Touchwood Multimedia Creations’ Hamne Gandhi Ko Maar Diya is the story of communal disharmony and about a family misunderstanding, set in post-Independence India, around 1948.

Kailash (Jatin Goswami) and his wife, Sudha (Samiksha Bhatnagar), have gotten married against the wishes of Kailash’s mother, Savitri (Pratima Kannan). This, and Kailash moving away to the city have created a rift between mother and son. Kailash and Sudha have a little daughter, Munni (baby Utkarshika Yadav). The three are on their way to Kailash’s village to meet his mother with whom they had had a fallout soon after their marriage. In fact, Kailash had left the property papers and jewellery given by his fair-minded mother to them, because she was not happy with his decision to leave her alone in the village just as she was critical of his love marriage. Years had passed by.

In their two-day train journey to the village, Kailash and Sudha meet different people and get talking about communal disharmony which has created a huge divide between two communities in particular. There are moments of tension as an old man is sought to be thrown out of the train by co-passengers who are members of one community and fear that the old man belongs to the other community. But the man turns out to be from their own community and so peace is soon restored. Kailash is particularly critical of the other community but co-passenger Diwakar (Subrat Dutta) is more tolerant. Kailash faces embarrassment when a person of the other community saves his (Kailash’s) little daughter when she falls from the train.

Back home, Kailash and Sudha are shocked to learn that their mother has passed away. Communal violence had taken its toll on their mother’s life because she had given shelter to members of the other community during communal riots in the village. Kailash’s mother, unlike him, had been a proponent of the Gandhian philosophy of love, peace, tolerance and non-violence. In fact, Kailash realises that he had hated Gandhiji without any solid reason – and he realises this when he reaches his village, when Gandhiji has just been assassinated. On their personal front, Kailash and Sudha are devastated on learning from neighbour Vimla (Shabih Jafri) that Kailash’s mother had written him several letters, asking him to come visiting, but all the letters had been returned undelivered as Kailash had shifted residence in the city.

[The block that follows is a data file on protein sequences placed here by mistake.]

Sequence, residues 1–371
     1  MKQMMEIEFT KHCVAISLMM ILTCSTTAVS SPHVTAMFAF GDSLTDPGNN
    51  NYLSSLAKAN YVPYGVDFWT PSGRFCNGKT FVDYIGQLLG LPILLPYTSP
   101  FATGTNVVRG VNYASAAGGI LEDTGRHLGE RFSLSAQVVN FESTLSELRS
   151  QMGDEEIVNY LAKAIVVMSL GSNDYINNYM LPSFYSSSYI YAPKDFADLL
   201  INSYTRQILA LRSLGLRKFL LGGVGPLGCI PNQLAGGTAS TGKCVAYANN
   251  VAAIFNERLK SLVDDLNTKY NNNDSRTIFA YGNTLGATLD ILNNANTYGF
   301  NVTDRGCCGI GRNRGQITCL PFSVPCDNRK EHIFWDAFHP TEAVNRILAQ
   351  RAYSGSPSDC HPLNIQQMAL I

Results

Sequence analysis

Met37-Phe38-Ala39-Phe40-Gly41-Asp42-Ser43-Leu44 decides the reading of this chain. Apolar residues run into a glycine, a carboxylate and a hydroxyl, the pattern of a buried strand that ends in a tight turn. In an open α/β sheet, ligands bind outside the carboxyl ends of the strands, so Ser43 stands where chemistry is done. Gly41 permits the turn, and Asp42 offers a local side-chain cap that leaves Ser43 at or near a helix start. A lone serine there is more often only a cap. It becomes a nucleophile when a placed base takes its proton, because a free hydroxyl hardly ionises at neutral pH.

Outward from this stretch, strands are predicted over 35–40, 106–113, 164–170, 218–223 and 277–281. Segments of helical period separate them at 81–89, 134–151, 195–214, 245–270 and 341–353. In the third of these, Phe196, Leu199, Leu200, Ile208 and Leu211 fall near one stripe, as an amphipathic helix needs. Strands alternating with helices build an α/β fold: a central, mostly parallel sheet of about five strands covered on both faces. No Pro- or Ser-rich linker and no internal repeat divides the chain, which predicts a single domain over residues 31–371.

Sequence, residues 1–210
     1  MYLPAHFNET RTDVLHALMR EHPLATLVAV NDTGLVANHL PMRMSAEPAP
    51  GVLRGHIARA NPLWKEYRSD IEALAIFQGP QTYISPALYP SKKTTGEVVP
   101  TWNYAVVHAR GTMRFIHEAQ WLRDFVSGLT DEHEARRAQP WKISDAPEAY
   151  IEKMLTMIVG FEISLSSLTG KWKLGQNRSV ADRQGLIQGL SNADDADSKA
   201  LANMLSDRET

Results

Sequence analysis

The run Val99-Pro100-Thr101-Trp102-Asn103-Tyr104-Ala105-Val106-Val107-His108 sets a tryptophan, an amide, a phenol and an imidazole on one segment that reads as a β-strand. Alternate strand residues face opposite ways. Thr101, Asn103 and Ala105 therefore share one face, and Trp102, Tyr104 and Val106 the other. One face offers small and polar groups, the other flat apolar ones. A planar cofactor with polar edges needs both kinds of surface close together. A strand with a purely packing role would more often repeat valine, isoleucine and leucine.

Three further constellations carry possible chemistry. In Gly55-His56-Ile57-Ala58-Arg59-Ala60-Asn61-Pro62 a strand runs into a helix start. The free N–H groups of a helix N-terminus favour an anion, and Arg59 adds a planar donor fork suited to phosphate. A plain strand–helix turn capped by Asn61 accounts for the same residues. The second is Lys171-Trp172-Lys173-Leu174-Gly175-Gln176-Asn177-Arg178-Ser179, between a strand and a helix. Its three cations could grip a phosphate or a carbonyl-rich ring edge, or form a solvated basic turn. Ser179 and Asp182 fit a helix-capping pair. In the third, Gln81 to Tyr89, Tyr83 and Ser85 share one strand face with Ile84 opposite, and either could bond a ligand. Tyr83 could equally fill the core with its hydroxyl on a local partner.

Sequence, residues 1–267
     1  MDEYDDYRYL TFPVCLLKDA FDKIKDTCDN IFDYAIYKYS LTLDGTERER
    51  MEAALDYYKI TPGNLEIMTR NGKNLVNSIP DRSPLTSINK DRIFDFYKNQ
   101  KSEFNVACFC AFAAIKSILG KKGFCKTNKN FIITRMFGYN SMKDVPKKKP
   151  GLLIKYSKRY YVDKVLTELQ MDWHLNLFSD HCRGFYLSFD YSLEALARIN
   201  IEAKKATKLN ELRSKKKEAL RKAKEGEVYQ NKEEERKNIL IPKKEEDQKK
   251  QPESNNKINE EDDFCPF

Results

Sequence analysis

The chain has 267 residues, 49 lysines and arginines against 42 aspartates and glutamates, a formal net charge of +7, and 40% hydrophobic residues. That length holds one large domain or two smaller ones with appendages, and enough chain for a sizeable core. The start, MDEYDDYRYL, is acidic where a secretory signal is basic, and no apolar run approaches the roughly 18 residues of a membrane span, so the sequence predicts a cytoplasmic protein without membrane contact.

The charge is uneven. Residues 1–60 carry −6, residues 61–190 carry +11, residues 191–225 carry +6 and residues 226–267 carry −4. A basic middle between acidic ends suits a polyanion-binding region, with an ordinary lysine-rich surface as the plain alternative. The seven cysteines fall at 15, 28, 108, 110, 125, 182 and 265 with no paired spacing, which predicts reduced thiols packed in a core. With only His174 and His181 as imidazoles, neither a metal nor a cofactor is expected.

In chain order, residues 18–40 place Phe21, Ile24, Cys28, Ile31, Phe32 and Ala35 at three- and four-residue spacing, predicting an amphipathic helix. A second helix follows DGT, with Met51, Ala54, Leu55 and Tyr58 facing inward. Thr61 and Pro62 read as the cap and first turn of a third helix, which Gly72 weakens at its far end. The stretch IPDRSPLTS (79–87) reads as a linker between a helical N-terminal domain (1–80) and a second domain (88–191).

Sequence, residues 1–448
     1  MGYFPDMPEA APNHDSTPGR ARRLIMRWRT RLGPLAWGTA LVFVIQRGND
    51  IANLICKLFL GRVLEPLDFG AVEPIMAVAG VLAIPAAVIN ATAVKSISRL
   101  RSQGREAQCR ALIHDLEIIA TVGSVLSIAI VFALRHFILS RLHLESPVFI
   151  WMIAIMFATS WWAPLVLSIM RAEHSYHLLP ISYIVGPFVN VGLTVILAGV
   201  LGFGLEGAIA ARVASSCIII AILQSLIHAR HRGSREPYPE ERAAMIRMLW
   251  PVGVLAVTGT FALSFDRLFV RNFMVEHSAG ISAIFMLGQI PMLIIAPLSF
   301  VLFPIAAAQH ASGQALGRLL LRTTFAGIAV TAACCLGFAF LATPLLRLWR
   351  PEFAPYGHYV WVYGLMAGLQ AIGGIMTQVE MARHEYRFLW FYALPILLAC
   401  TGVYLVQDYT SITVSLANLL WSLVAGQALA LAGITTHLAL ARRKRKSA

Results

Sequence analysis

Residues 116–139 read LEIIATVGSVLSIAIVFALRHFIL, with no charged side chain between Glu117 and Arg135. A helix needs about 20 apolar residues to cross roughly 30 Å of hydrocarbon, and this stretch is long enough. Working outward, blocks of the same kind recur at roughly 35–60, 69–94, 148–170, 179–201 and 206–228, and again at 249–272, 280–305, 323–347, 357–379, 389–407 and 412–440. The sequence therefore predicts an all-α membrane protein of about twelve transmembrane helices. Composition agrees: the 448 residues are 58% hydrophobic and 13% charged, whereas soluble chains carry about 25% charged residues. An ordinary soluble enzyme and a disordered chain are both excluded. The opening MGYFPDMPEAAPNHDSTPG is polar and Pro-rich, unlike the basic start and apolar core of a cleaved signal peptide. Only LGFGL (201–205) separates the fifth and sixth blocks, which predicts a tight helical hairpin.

Naeem A. Siddiqui’s story is confused and the juxtapositioning of the larger picture with the family drama of Kailash doesn’t really go well. Why Kailash is so bitter about Mahatma Gandhi and his philosophy is not too clear. One would have thought that he would become bitter after knowing that his mother had become a victim of communal riots but he is shown to be bitter before he learns of the news of his mother’s killing in communal riots. And once he learns that his mother had died only because of communal tension, he stops being communal-minded! That seems a bit far-fetched, never mind even if persons from her own community had killed her. Frankly, Naeem A. Siddiqui’s story is so fragmented that it simply fails to create any impact. Sanjay Rai’s screenplay also doesn’t help. It moves at a very slow pace and bores the audience. The train journey gets so monotonous that the viewer feels like either pulling the chain to stop the train or killing himself under the moving train! Dialogues, written by Sanjay Rai, are routine except for a few mouthed by Savitri.

Jatin Goswami does an average job as Kailash. Samiksha Bhatnagar is quite expressive in the role of Sudha. Subrat Dutta is earnest as Diwakar. Pratima Kannan lends good support as Savitri. Shabih Jafri provides routine support as neighbour Vimla. Baby Utkarshika Yadav is so-so. Azad Mishra (as Maiku Chacha), Manoj Verma (as Gopal Chaubey), Amlesh Jaiswal (as Virendra), Rakesh Dubey (as Narendra), Raju Pandey (as Gaurishankar), Emran Khan (as Vanshidhar), Zia Khan (as Awdhesh) and Kiritika Budden (as Mumtaz) lend routine support.

Naeem A. Siddiqui’s direction is weak. His narrative style, like his story, holds appeal for the festival circuit audience only. Anjali Kumar Tiwari’s music is ordinary. Anup Bhat’s background music hardly adds anything to the drama. Camerawork (by Shanti Bhushan Roy) is alright. Ratan Suryavanshi’s art direction is average. Nil­ esh Mulye’s editing ought to have been sharper.

On the whole, Hamne Gandhi Ko Maar Diya has almost nil commercial prospects.

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